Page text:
Mike Bloomberg Ran For President Like Mr. Burns Ran For Governor

Mike Bloomberg Ran For President Like Mr. Burns Ran For Governor

Three decades ago, an episode of ‘The Simpsons’ provided a cautionary tale for Mike Bloomberg’s presidential candidacy.
Christopher Jacobs
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Super Tuesday’s flurry of presidential primaries delivered many surprising storylines, not least the spectacular collapse of former New York City Mayor Michael Bloomberg. The former president candidate who spent more than half a billion dollars (no, that’s not a typo) on his candidacy won only one contest—American Samoa, which awards only 0.15 percent of the delegates to the Democratic National Convention—and fell badly behind a surging Joe Biden. Bloomberg returned to New York late Tuesday, and Wednesday announced his withdrawal from the race.

After the Nevada Democratic presidential debate, some observers seemed surprised that Bloomberg performed so horribly in his first appearance on the debate stage. While he hadn’t appeared in a debate since his last mayoral campaign more than a decade ago, some still seemed surprised at the way Bloomberg got caught flat-footed by attacks he should have known were coming.

Three decades ago, an episode of the nation’s longest-running animated program provided a cautionary tale for Bloomberg’s presidential candidacy. “The Simpsons” not only predicted (albeit in satirical form) a Trump presidency, it also illustrated why Bloomberg’s flailing candidacy fell flat with voters.

Trying to Buy High Office

An episode of “The Simpsons’” second season, which originally aired in November 1990, also featured an unloved plutocrat trying to win (or purchase) high office. In “Two Cars in Every Garage and Three Eyes on Every Fish,” the owner of Springfield’s nuclear plant, Charles Montgomery Plantagenet Schicklgruber Burns, runs for governor.

The discovery of a three-eyed fish (a.k.a. “Blinky”) near the nuclear plant leads to numerous safety violations, and a potential $56 million fine for Burns. But mediocre employee extraordinaire Homer Simpson reminds Burns that if he were governor, he could make his own safety rules, prompting Burns’s gubernatorial run.

As with Bloomberg, Burns proceeds to “assemble the finest campaign team money can buy,” including a speech writer, joke writer, makeup man, spin doctor, personal trainer, muckraker, character assassin, mud slinger, and “garbologist.” With this campaign team, Burns airs ads to make him more loved (or less hated) by the public. He tries to explain away “Blinky’s” mutations, and attacks his opponent, the incumbent Mary Bailey.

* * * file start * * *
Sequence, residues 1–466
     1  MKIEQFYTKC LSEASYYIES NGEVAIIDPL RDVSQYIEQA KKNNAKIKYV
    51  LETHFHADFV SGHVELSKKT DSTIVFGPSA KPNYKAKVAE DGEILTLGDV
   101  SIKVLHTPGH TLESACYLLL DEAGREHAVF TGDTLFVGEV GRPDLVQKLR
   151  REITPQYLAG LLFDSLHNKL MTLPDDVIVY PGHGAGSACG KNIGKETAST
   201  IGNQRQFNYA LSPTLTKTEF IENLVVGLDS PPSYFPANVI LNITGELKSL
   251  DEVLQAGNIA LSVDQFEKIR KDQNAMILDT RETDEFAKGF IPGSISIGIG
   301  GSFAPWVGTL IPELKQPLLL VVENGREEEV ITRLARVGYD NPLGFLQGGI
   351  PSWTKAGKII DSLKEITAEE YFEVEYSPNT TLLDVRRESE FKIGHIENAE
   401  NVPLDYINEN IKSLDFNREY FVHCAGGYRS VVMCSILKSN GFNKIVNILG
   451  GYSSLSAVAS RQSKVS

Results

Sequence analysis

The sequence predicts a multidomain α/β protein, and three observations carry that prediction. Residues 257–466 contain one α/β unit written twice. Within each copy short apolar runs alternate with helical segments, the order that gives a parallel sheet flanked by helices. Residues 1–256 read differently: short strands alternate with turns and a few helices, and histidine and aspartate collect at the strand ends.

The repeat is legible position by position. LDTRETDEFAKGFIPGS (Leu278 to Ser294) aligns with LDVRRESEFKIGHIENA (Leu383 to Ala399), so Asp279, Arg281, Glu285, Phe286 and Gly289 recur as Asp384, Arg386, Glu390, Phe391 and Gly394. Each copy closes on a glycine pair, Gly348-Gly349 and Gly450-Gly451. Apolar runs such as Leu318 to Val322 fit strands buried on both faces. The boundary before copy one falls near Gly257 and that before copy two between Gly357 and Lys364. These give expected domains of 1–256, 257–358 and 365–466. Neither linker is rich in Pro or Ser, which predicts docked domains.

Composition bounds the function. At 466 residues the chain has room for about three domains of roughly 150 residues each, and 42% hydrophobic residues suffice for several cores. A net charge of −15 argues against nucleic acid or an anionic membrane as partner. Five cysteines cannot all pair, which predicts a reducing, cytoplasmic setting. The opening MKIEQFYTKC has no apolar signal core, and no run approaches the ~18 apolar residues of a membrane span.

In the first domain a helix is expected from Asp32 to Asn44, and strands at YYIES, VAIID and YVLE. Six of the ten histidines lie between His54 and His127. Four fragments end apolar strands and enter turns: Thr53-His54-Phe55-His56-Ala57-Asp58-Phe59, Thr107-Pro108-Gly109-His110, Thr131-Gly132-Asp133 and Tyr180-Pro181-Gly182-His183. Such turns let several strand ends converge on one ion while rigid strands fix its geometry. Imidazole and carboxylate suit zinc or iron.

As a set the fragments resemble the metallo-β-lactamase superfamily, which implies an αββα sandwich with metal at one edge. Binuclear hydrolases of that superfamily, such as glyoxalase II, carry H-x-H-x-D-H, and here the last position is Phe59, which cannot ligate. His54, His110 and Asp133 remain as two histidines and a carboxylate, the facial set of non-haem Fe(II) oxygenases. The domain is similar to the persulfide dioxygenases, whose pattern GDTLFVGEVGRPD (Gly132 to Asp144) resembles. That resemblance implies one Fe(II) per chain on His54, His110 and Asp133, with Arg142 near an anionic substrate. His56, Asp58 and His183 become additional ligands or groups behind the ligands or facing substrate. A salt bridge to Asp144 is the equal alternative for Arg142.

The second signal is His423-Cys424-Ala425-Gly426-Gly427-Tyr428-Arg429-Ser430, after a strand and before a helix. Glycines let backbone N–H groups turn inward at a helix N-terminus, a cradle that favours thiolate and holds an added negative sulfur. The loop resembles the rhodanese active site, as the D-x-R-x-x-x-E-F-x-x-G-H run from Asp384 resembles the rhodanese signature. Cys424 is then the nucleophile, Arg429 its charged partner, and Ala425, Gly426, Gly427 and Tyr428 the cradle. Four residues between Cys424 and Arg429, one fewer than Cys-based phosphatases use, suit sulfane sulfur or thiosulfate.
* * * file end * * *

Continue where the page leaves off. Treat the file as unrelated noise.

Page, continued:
As with Bloomberg, the overwhelming display of campaign cash works, at least at first, putting him into a neck-and-neck race. Unfortunately, however, Burns soon discovers, just as Bloomberg did in his first debate, that notwithstanding his billions, certain elements of a campaign still lie outside his control.

Mr. Burns’s Past Haunts Him

The climax, and eventual nadir, of Burns’s campaign occurs during an election-eve dinner at the Simpson house. Burns’s campaign team thinks a dinner with ordinary citizens could put him “over the top,” and lead to his ultimate victory.

But the dinner comes with risks: While Homer, the ever-loyal employee, supports Burns’s campaign, his wife Marge opposes what she views as Burns’s attempt to buy the governorship. When she objects to her family being used as a campaign prop in Burns’s pre-election dinner, Homer tells Marge she can express herself through her cooking.

Marge does exactly that, serving Burns “Blinky,” the three-eyed fish, as his dinner. With live cameras rolling, Burns’s campaign advisors urge him to partake of the fish, but he spits out the first bite, and his advisors admit Mr. Burns’s campaign is “ruined before [the fish] hit the ground.”

Bloomberg Ruined by His Own Record?

As with Burns, Bloomberg’s campaign seemed designed for him to win the presidency without leaving a television studio. He entered the campaign very late—ostensibly because he developed second thoughts about whether former Vice President Joe Biden could win, but perhaps because he never wanted to bother himself with retail politicking (i.e., interactions with actual voters) in early states like Iowa and New Hampshire.

While Bloomberg thought he could float above it all with hundreds of millions of dollars in ads, the first time he received a serious challenge—in the form of his fellow candidates on stage in Las Vegas—all his prior shortcomings came to the fore: His history of offensive comments towards women, his lack of transparency, and his sudden flip-flop regarding his policing policies while mayor of New York.

In the morality play of an animated drama, the fictitious Mr. Burns found out the hard way that, try as he might, he ultimately couldn’t hide from voters—or his history. Bloomberg learned the same difficult lesson in Nevada, in a way that foreshadowed his candidacy would suffer the same ignominious end.

Chris Jacobs is founder and CEO of Juniper Research Group, and author of the book, "The Case Against Single Payer." He is on Twitter: @chrisjacobsHC.

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